Electrocatalytic Coordination Networks

Electrocatalysis • Carbon dioxide electroreduction • Nitrogen electroreduction • polyol electrooxidation

E. Brunner,(a) X. Feng,(b) S. Kaskel,(c)

(a) Lehrstuhl für Bioanalytische Chemie, Technische Universität Dresden

(b) Molekulare Funktionsmaterialien, Technische Universität Dresden

(c) Anorganische Chemie I, Technische Universität Dresden

Porous coordination networks (PCNs) are ideal candidates for selective electrocatalytic transformations since they enable highly selective adsorptive separations of small molecules inside pores and at the same time the integration of catalytically active sites, originating from transition metals as nodes or dopants generating tunable redox functions as building blocks in electrocatalytic coordination networks. Electrocatalysis for the generation of valuable intermediates poses a huge potential for the use of low-cost electrical energy emerging from the fluctuating energy supply of renewable resources. Electrocatalytic reduction of greenhouse gases such as CO2 and conversion into valuable fuels such as methanol and methane is a promising target. Electroreduction of N2 is a visionary target to reduce energy consumption for fertilizer production. Moreover a high potential of highly selective CNs is anticipated for fine chemical intermediates, for example the selective oxidation of polyols derived from biomass.

We target the next generation of CN based materials enhancing the product selectivity in electro-catalytic applications. The whole process chain from the design and synthesis of molecular building blocks, ECN synthesis, development of required processing and advanced in situ-characterization techniques towards function demonstration in selected electrocatalytic model reactions including, CO2 and N2 electroreduction and polyol electrooxidation for the production of fine chemicals is addressed.

Large π conjugated planar monomer, such as polythiol- and amino-functionalized phthalocyanine based linkers were developed to fabricate 2D conjugated conductive PCNs and covalent-organic frameworks (COFs). Cu-phthalocyanine-based 2D PCNs with different coordinated metal complexes (PcCu-O8-M, M=Fe, Co, Ni, Cu, Zn) were synthetized and investigated toward CO2RR.[1] PcCu-O8-Zn/CNT exhibited excellent electrocatalytic behavior with high CO selectivity (88%), turnover frequency (0.39 s-1) and long-term durability (>10 h), surpassing thus by far reported MOF-based electrocatalysts. The molar H2/CO ratio (1:7 to 4:1) can be tuned by varying metal centers and applied potential. Beside, we also developed a new strategy to construct a series of novel metal-phthalocyanine (MPc)-based pyrazine-linked 2D c-COFs (abbreviated as M COF, M=Fe, Co, Ni, Mn, Zn and Cu) for electrocatalytic NRR in acidic media. The optimized Fe COF shows high catalytic performance with NH3 yield rate of 33.6 mg h-1mg-1cat and Faradaic efficiency of 31.9 % at -0.1 V vs RHE owing to its optimized electronic/porous structure and good affinity of N2, which is comparable to current noble metal electrocatalysts.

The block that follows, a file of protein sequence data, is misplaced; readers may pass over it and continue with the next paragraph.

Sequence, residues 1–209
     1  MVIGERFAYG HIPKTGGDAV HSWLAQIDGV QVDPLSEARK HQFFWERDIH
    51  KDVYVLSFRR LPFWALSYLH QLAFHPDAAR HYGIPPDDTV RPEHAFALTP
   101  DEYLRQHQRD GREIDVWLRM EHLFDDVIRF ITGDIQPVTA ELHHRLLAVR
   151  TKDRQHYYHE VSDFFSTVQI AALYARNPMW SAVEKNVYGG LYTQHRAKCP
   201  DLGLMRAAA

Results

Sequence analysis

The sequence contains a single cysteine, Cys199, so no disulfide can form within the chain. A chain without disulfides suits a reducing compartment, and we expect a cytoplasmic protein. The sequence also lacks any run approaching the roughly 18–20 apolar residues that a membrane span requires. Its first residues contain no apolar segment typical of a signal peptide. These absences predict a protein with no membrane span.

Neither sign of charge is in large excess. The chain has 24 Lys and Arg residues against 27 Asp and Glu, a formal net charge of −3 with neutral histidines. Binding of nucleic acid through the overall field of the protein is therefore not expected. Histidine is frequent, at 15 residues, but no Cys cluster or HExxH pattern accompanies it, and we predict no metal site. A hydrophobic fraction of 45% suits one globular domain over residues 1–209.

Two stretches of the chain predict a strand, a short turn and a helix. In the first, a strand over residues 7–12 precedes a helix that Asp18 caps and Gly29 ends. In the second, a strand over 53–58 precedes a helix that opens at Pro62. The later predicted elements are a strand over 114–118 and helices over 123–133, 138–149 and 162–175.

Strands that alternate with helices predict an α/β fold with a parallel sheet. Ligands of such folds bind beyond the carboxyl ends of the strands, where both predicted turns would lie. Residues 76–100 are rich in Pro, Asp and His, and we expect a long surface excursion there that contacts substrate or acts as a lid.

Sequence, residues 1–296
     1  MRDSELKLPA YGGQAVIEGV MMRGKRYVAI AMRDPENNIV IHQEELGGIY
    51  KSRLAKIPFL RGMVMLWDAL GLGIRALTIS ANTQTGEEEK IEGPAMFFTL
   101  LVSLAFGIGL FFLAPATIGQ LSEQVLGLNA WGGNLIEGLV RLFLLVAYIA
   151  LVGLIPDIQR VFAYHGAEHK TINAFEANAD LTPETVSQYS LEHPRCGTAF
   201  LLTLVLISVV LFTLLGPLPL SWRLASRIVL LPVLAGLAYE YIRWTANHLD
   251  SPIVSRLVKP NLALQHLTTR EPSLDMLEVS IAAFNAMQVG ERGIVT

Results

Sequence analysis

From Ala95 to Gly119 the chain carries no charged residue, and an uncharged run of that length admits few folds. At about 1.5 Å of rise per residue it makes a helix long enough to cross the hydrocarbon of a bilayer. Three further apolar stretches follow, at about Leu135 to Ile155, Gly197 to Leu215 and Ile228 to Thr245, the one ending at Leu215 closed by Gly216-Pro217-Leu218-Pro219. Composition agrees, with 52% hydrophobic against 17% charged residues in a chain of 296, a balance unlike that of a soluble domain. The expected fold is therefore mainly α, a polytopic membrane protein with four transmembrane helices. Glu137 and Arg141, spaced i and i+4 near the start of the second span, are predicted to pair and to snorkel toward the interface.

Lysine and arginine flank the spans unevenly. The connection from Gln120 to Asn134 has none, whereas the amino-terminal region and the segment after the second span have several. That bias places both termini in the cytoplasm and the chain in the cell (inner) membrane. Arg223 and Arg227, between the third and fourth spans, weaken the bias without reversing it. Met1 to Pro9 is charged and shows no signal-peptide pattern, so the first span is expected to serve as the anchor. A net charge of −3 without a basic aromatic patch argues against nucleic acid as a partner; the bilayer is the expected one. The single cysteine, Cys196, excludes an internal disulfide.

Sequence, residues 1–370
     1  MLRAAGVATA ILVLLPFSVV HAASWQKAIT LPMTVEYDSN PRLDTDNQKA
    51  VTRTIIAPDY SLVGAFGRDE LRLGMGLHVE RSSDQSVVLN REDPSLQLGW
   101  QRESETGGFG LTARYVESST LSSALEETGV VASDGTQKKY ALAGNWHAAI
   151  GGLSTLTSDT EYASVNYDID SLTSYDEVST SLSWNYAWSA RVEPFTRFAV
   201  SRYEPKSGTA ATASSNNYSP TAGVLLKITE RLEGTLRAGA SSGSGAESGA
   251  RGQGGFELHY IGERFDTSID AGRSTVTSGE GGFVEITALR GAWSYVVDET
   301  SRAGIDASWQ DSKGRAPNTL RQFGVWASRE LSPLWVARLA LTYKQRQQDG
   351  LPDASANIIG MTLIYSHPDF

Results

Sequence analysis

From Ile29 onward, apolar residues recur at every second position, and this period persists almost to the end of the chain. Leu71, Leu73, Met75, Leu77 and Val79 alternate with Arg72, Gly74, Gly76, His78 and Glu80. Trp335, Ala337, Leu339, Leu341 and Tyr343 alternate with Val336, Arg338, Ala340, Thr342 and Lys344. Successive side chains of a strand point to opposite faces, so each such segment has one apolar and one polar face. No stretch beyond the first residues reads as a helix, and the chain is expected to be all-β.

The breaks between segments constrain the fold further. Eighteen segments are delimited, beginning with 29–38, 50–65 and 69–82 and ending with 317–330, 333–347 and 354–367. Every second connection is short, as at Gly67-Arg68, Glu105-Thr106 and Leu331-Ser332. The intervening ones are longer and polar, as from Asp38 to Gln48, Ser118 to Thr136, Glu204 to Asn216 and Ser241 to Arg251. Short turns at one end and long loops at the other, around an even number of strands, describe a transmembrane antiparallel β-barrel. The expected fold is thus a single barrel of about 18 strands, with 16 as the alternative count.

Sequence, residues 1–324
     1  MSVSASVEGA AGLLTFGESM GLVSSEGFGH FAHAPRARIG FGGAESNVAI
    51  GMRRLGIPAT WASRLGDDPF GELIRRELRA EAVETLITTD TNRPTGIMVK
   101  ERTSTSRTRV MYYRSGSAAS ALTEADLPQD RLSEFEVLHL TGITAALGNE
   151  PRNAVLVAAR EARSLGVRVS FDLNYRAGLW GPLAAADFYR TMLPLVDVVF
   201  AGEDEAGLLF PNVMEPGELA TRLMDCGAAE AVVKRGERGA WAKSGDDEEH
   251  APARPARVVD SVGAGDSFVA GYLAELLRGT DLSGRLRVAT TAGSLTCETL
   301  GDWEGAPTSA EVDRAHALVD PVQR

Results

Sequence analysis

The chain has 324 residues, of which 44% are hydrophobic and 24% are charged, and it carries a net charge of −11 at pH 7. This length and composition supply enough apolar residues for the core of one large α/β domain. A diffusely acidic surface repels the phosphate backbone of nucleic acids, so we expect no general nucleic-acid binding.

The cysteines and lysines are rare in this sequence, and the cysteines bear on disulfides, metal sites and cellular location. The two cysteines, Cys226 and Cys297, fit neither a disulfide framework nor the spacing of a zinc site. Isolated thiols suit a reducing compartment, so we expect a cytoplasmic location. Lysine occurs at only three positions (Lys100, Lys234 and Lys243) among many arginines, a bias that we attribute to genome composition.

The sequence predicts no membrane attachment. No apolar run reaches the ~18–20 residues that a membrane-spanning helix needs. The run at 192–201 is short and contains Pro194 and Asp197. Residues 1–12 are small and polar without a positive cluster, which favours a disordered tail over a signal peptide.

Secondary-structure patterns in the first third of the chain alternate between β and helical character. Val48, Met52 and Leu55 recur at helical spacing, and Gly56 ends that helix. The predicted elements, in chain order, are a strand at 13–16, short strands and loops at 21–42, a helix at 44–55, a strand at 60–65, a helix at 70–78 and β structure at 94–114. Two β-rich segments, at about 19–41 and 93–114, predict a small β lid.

Nanocomposites based on MOFs showing selectivity in alcohol adsorption (such as ZIF-8) and state of the art catalyst (Pt@Vulcan) were employed in electro catalytic oxidation of alcohols. The MOF functionalization significantly enhances the selectivity of the Pt@Vulcan system. 

Ex situ and in situ NMR spectroscopy was applied to study the synthesized new materials as well as their behaviour in electrocatalytic reactions.[2] Ex situ solid-state NMR is used to characterize bulk materials based on the observation of nuclei such as 1H, 13C, 15N etc. Isotope-enrichment, e.g., with 13C or 15N will be applied for selected samples of special interest, allowing to perform 2D solid-state NMR experiments such as heteronuclear correlation (HETCOR) and spin diffusion. In addition to 1D spectra, 2D solid-state NMR experiments such as 1H-13C heteronuclear correlation (HETCOR) are planned. The above-mentioned reactions will be also studied in operando under stopped flow and under continuous flow conditions. We are thus planning to develop a modified in situ setup to perform measurements also under continuous flow.


(1) H. Zhong, M. Ghorbani-Asl, K. H. Ly, J. Zhang, J. Ge, M. Wang, Z. Liao, D. Makarov, E. Zschech, E. Brunner, I. M. Weidinger, J. Zhang, A. V. Krasheninnikov, S. Kaskel, R. Dong, X. Feng, Nat. Commun. 2020, 11, 1409.

(2) J. B. Richter, C. Eßbach, I. Senkovska, S. Kaskel, E. Brunner Chem. Commun. 2019, 55, 6042.